While it might seem like the best approach is to keep a complete set of fire extinguishers, it’s not practical—and the cost adds up. When adding a fire extinguisher to your fire safety plan, there are some important factors to keep in mind. Take note of these shopping considerations to help you find the fire extinguisher that is most appropriate for your needs.
Type & Location of Fire
The location and types of fire are very important considerations when choosing your fire extinguisher. An ABC extinguisher will effectively extinguish or contain fires in most places inside of the home. These extinguishers can handle most combustible materials, with the exception of flammable metals, and provide members of the household with enough time to get to safety. In short, ABC fire extinguishers can tackle some of the most common fires in the home.
BC extinguishers can tackle most kitchen fires, but there are still elements worth thinking about. For one, most folks don’t want a fire extinguisher on display in their kitchen, so you need to find a place to mount an extinguisher that is close by and easily accessible while out of sight. Also, kitchen fires are usually on stoves or countertops, and a large fire extinguisher can be difficult to lift that high for some people. For both of these reasons, a small fire extinguisher that you can install in a kitchen cabinet and is easy to use on a stove is the best way to go.
The National Fire Protection Association suggests that families locate fire extinguishers where they are easy to grab within seconds. Fires can double in size every 30 seconds, so it’s important to get to them quickly. Central locations like hallways and main living spaces are ideal locations. You should also keep at least one fire extinguisher on every floor. On your main floor, the most important location is the kitchen, one of the most common places for fires to begin.
Pro Tip: Don’t install or keep your fire extinguisher above or next to your stove. As this is the most likely place for a fire to begin, a blaze will make it difficult for you to reach your extinguisher. Instead, place your extinguisher at least a few feet away, so you can step back, compose yourself, and grab your extinguisher.
Maintenance & Refills
Fire extinguishers do require maintenance and refills. Professional fire extinguisher inspectors check commercial extinguishers annually and improve the available models approximately every 6 years. The inspectors check the pressure gauges and “thump” the bottom of dry chemical extinguishers to loosen up the settled powder. Fire extinguisher inspectors also have the bottle pressure tested to ensure there are no leaks.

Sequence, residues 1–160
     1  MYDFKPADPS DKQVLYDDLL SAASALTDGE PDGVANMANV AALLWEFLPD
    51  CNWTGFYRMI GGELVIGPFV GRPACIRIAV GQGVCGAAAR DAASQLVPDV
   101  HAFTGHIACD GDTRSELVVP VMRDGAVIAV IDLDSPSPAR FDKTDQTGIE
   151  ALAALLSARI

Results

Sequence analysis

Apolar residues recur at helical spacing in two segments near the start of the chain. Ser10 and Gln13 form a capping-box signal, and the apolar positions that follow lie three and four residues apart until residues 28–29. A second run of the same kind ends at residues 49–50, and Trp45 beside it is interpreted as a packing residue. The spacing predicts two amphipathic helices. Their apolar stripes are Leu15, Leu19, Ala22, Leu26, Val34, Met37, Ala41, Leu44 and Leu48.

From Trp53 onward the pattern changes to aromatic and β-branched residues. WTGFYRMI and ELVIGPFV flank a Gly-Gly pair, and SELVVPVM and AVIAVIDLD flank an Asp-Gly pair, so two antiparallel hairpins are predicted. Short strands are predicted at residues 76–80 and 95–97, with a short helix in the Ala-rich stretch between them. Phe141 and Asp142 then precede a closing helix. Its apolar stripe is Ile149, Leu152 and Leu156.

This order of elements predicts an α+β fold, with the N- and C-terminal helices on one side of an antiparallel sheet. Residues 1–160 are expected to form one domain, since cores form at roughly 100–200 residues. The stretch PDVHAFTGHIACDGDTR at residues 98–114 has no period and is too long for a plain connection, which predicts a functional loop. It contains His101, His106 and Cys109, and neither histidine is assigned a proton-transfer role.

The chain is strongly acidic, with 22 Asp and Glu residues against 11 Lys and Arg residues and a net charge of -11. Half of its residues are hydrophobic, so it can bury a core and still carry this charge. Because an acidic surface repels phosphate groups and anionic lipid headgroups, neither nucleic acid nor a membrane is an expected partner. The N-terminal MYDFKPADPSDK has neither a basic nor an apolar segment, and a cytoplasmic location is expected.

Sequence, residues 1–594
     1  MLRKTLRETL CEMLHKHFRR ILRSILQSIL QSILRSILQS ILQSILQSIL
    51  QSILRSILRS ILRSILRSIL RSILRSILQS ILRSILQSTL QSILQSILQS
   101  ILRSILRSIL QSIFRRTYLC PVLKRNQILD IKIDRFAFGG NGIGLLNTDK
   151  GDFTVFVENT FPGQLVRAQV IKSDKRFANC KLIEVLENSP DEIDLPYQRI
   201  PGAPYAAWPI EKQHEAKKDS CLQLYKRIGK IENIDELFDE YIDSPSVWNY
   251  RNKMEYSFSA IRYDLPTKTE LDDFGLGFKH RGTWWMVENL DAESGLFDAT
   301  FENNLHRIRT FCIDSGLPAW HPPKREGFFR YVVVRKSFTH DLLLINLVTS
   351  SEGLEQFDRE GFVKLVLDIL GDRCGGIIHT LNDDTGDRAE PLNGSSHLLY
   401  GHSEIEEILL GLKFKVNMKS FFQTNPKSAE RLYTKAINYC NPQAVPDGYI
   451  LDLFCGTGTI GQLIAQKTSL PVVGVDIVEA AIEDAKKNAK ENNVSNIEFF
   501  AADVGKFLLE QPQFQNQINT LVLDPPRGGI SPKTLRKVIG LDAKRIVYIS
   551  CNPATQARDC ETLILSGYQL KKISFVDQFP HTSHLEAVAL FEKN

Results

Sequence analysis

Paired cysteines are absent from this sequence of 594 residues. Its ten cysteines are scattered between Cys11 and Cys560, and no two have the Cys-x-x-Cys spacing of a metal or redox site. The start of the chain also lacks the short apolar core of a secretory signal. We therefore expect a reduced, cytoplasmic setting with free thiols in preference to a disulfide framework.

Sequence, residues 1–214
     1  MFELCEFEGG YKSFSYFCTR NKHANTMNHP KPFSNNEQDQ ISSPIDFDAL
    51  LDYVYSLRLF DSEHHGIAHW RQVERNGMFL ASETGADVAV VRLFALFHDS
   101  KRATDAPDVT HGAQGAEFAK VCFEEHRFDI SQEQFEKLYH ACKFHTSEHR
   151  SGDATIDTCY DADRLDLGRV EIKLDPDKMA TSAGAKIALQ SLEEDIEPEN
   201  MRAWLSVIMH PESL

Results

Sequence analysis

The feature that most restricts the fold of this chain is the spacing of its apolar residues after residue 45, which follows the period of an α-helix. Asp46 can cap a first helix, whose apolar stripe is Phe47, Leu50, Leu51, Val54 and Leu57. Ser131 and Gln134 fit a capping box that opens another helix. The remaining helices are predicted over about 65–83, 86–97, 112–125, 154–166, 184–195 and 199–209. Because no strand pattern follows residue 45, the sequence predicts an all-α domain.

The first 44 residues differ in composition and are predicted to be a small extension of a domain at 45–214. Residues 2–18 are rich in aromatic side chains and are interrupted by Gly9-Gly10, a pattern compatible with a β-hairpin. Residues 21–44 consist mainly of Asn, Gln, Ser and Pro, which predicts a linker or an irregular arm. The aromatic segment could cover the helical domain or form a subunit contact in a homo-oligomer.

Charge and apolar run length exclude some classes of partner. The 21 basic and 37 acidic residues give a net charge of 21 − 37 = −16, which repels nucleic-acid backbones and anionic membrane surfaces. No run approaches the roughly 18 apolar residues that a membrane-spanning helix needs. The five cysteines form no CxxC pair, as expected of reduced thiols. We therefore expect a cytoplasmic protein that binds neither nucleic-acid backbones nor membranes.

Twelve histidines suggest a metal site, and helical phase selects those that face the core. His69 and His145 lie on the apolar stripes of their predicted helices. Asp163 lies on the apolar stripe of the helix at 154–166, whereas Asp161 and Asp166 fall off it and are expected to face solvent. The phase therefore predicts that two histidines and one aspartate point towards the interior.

These are good policies to follow with your extinguisher. Note that the extinguishers mentioned above are generally commercial grade, which makes them easy to service and refill. Homeowner-style extinguishers are neither and generally of lesser quality. It’s most cost-effective to simply replace them.
Size & Weight
Fire extinguishers come in a variety of weights, such as 2.5, 4, 5, 10, and 20 pounds. These values represent how much suppressing agent the bottles hold. The additional weight of the bottle, stem, head, and hose are not factored into the weight.
For most household purposes, 5-pound fire extinguishers are sufficient. In a garage setting, it is better to use a 10-pound extinguisher since you’ll likely have more storage space, and there are more combustibles in a garage (think chemicals, rags, and scrap wood). On the other hand, 2.5-pound extinguishers are perfect for vehicles.
When it comes to the physical bottles, they all have a similar shape and size relative to volume. While it may seem that bigger is better, large extinguishers can be challenging to store and handle. Finding an extinguisher that fits where you need it is key.
Our Top Picks
With those shopping considerations in mind, you’ll likely have a better sense of what to look for to find the best fire extinguisher for your home. You’ll find an extinguisher on the list for the most important locations, and in sizes that you can handle easily to get you and your family to safety.
Tips for Using a Fire Extinguisher
While fire extinguishers put out fires, anyone in the fire safety industry would tell you that if your home is on fire, you should use your extinguisher to clear a path to safety for you and your family. Regardless of their size, fires are dangerous, and it’s best to get outside and allow professionals to handle the situation.
When using a fire extinguisher, you should follow the P.A.S.S. system:
- P – Pull the pin
- A – Aim the nozzle at the base of the fire
- S – Squeeze the handle (or trigger in some cases)
- S – Sweep back and forth with the nozzle, extinguishing the fire before escaping to safety.
You should only use a fire extinguisher once before discarding it or taking it for service. Dry chemical will cling to the grease on the valve seal, and allow the nitrogen that charges the bottle to escape. Carbon dioxide detectors don’t use gauges, so you can’t be sure how well they’re charged or how full they are.
- Use your fire extinguisher to get you and your family to safety
- Use the P.A.S.S. system to extinguish a fire
- Only use an extinguisher once before replacing or servicing
FAQ About Fire Extinguishers
Below, you’ll find the most frequently asked questions and answer regarding fire extinguishers. If you have more questions, many local fire departments offer fire safety training. They’re a great resource for learning about how to keep your family safe and implement a fire safety plan. They’ll be more than happy to help and answer your questions.
You’ll find water, dry chemical powder, wet chemical foam, or carbon dioxide inside a fire extinguisher. It depends on the type of extinguisher.
Use the P.A.S.S. system: Pull, Aim, Squeeze, Sweep. This is the best method for extinguishing a fire.
Fire extinguishers have a usable lifespan of 5-15 years, but it’s better to take them for servicing earlier than this.
You should take your extinguisher to a hazardous waste disposal center. Call your county office to find out the location nearest to you.
Virginia Hoff is a former police officer with over 20 years experience, and currently acts as the Senior Security Writer for Be-Safe.org.
Her expertise include Home Security and Family Protection.